Tips for success in using OpenVPN for secure remote access.
In my four previous columns, I showed, in painstaking detail, how to set up OpenVPN to allow remote users to create secure remote-access connections—Virtual Private Network (VPN) tunnels—over the Internet back to your personal or corporate network. By now, you should understand how VPN technologies in general, and TLS/SSL-based VPNs in specific, work and how to create working server and client configurations for OpenVPN.
This month, I wrap up the series, with some miscellaneous but important notes about the previous columns' client-server scenario, including instructions on enabling IP forwarding, some tips on using a Web proxy and enforcing DNS use through the tunnel, and on “hiding” all VPN clients' IP addresses behind that of your OpenVPN server.
Throughout this series, I've been implementing the OpenVPN server configuration shown in Listing 1, which causes OpenVPN to run in server mode. In my example scenario, I've got only one remote user connecting to this OpenVPN server, but if you have more, you should edit the max-clients parameter accordingly. Remember, because I've also set fairly liberal tunnel timeouts in order to minimize the odds that a tunnel will go down due to network problems, you should add 1 or 2 to the actual number of maximum concurrent client connections you expect.
The other setting in Listing 1 that I need to review is push "redirect-gateway def1 bypass-dhcp", which pushes the OpenVPN's local default gateway setting to all clients. This has the effect of causing VPN clients to route all their Internet traffic through the VPN tunnel, which (as I discuss shortly) has important security benefits.
The client configuration file that corresponds to Listing 1 is shown in Listing 2. This file works equally well on Linux and Windows client systems. Remember that the parameter remote specifies the IP address or hostname of your OpenVPN server and the port on which it's accepting connections.
Remember also that the files ca.crt, minion.crt, minion.key and ta.key specified by the parameters ca, cert, key and tls-auth, respectively, need to be generated beforehand and placed alongside the configuration file itself in /etc/openvpn. The certificate and key specified by ca and cert should be unique for each client system!
Again, the purpose of the server configuration in Listing 1 and the client configuration in Listing 2 is to allow a remote user to connect from over the Internet back to the “home” network on which the OpenVPN server resides. (This may or may not be your residence. By home network, I mean “trusted corporate or personal network”, as opposed to the remote network from which you're trying to connect.) Last month, however, I forgot to mention a critical step that you must perform on your OpenVPN server if you want remote clients to be able to communicate with anything besides the server itself: enabling IP forwarding.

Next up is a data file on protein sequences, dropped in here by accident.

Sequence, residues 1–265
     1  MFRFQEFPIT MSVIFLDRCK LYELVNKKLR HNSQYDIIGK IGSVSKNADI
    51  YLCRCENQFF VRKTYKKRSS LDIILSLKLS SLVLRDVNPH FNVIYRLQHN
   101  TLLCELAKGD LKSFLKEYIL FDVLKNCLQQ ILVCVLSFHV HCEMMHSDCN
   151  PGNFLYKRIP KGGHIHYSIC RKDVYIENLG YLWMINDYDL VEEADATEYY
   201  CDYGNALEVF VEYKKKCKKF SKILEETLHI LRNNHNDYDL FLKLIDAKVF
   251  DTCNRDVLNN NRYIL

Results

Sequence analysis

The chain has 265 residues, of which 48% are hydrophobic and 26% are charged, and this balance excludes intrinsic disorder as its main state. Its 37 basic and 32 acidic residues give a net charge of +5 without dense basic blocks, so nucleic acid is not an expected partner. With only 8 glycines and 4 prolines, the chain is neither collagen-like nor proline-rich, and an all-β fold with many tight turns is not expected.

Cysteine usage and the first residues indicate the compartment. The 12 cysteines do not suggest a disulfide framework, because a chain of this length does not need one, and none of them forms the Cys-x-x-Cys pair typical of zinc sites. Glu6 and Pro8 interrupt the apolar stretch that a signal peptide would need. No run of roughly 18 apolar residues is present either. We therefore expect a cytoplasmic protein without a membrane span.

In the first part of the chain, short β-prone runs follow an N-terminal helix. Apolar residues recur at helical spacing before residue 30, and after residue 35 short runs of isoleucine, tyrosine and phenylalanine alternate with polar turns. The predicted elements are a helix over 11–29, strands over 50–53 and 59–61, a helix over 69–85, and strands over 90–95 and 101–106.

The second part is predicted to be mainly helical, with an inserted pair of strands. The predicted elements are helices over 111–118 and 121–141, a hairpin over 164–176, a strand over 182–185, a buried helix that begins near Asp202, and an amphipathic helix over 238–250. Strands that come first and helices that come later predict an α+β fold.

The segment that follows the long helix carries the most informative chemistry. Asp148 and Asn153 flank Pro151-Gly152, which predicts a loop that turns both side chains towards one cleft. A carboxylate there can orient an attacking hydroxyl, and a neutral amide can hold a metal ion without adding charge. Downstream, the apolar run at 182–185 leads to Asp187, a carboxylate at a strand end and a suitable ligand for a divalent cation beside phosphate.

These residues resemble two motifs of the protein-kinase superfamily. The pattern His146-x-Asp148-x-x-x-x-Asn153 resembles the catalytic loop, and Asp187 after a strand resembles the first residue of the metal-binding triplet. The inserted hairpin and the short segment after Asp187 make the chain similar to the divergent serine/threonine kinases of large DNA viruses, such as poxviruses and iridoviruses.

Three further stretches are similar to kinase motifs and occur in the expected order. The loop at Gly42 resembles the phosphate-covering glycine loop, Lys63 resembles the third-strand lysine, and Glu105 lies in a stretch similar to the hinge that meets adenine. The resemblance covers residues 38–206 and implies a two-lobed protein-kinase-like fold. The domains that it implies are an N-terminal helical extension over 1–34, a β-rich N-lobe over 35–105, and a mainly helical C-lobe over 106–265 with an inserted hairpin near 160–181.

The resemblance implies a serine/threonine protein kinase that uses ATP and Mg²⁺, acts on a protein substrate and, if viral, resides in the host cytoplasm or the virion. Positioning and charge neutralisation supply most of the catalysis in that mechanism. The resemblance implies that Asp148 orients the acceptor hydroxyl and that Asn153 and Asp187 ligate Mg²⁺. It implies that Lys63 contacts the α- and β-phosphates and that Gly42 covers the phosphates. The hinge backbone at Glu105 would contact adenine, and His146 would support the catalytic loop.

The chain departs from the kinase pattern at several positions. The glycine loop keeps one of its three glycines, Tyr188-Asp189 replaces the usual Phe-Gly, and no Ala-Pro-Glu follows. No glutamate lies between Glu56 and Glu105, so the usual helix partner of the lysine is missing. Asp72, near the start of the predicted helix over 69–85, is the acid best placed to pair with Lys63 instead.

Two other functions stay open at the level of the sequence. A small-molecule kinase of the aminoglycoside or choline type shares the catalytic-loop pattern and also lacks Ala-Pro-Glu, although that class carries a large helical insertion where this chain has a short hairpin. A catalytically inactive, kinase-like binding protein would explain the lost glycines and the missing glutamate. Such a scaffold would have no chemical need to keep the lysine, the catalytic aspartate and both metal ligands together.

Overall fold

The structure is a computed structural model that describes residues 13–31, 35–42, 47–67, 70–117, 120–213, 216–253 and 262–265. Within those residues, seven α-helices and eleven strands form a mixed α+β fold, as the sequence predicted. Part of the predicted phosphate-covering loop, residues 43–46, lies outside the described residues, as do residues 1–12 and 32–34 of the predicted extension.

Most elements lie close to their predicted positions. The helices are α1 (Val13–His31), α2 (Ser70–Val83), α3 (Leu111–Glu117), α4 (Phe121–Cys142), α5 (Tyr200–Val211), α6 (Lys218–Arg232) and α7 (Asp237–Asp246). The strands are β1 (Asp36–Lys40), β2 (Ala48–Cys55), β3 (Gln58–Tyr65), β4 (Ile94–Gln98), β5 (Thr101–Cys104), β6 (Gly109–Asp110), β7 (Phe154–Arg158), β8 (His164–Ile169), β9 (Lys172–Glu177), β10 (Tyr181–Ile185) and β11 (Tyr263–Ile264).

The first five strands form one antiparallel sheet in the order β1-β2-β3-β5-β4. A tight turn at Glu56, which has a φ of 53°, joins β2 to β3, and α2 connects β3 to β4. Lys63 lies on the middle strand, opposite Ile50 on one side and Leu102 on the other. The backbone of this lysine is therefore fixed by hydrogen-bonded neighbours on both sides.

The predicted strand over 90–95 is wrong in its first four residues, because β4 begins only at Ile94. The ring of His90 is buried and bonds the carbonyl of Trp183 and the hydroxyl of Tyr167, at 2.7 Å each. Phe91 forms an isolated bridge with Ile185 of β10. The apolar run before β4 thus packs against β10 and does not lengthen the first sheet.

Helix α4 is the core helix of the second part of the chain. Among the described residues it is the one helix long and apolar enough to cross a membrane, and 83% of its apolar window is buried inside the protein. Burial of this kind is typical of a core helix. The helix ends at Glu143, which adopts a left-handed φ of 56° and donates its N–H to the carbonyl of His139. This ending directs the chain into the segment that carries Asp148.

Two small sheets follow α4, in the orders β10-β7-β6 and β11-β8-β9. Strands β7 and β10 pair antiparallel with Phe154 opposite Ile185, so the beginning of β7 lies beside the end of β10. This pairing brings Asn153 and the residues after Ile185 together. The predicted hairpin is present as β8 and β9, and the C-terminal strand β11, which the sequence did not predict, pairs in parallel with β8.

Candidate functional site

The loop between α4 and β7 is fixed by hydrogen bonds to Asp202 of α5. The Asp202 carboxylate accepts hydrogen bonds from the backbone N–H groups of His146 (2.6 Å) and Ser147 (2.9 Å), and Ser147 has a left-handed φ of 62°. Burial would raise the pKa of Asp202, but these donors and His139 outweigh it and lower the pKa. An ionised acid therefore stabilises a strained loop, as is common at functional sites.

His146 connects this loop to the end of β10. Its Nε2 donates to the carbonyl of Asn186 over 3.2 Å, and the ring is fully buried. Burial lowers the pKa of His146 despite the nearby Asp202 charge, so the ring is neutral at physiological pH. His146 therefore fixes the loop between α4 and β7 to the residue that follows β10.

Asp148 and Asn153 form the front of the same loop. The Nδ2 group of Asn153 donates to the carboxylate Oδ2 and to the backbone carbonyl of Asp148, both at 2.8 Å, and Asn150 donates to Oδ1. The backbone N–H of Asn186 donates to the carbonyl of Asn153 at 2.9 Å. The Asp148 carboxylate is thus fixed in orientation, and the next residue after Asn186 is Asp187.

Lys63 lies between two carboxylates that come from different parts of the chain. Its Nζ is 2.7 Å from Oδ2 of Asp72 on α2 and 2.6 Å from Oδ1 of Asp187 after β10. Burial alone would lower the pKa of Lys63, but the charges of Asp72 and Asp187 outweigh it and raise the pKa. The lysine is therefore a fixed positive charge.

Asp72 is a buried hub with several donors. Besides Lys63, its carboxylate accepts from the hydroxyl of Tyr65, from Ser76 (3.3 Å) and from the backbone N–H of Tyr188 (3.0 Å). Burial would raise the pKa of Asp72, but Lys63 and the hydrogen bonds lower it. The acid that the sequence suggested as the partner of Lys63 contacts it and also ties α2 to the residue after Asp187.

By default, almost any Linux system is configured not to allow network packets entering one network interface to be forwarded to and sent out of a different network interface. This is a Linux security feature. It helps reduce the likelihood of your Linux system linking different networks together in undesirable or unintended ways.
But, generally you do want an OpenVPN server to link different networks. The exceptions to this are if:
All services and resources your remote users need are housed on the OpenVPN server itself.
It's possible to run proxy applications on the OpenVPN server that can proxy connections to services not hosted on it.
In the first case, once remote users have connected to the OpenVPN server successfully, they can connect to other services hosted on that server by targeting the server's real/local IP address rather than its Internet-facing address. For example, the client configuration in Listing 2 is targeting a server address of 22.214.171.124, which is Internet-routable. Suppose that this is actually a router or firewall address that is translated to your OpenVPN server's address 10.0.0.4.
To ssh to the OpenVPN server after you've established a tunnel to it, you'd target 10.0.0.4, not 126.96.36.199. The same would apply to Samba, NFS, HTTP/S or any other service running on the OpenVPN server.